Timberwolves 92, Sixers 91: Neither team had a lead of more than 1 for the final six minutes of this game, it was that close. Following a Lou Williams miss on an 18-foot fadeaway, the Timberwolves got the last shot. Minny inbounded to Kevin Love who spun around Thaddeus Young, that’s where Andre Iguodala had helped off and he reached in to try and strip the ball and got called for a foul — a call that left coach Doug Collins and Sixers fans livid. With reason. It was a borderline call at best, not one where the whistle should be blown with 0.1 seconds left in the game. (Love had gone forward and had his shot blocked by Elton Brand, they had body contact and while that wasn’t a foul either it was more of one than what was called on Iggy).

Love sank both free throws and Minnesota wins. The Sixers have lost three in a row.

Suns 102, Lakers 90: The league schedules these home-and-homes to build up a little playoff-like tension. The Suns got beat handily Friday but bounced back with some fire in this one and won behind 25 from Jared Dudley, 21 from Marcin Gortat and 14 assists from Steve Nash. The Lakers have no depth. Lakers not named Kobe/Gasol/Bynum shot 34 percent on the night.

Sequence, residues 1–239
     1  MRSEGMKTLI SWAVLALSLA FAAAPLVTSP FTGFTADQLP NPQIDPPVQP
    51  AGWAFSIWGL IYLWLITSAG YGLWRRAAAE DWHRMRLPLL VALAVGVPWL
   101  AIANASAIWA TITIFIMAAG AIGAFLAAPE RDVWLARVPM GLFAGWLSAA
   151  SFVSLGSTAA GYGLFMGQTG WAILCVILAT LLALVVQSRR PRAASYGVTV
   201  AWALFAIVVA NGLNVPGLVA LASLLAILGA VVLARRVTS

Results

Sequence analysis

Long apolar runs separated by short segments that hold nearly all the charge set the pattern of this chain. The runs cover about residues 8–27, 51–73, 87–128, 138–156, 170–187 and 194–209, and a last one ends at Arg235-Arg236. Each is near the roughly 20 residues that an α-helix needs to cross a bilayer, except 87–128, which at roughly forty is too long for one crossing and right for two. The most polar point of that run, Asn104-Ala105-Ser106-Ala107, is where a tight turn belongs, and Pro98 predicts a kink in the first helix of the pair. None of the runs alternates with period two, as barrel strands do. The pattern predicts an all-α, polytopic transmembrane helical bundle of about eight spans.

Former NBA player Paul Shirley: ‘Of course’ John Wall and Bradley Beal dislike each other.

ATLANTA, GA - MARCH 21:  John Wall #2 and Bradley Beal #3 of the Washington Wizards react in the final seconds of their 117-102 win over the Atlanta Hawks at Philips Arena on March 21, 2016 in Atlanta, Georgia.  NOTE TO USER User expressly acknowledges and agrees that, by downloading and or using this photograph, user is consenting to the terms and conditions of the Getty Images License Agreement.  (Photo by Kevin C. Cox/Getty Images)
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John Wall and Bradley Beal admitted they clash on the court.

That caused controversy as the outside world expressed dismay at the Wizards guards’ attitudes.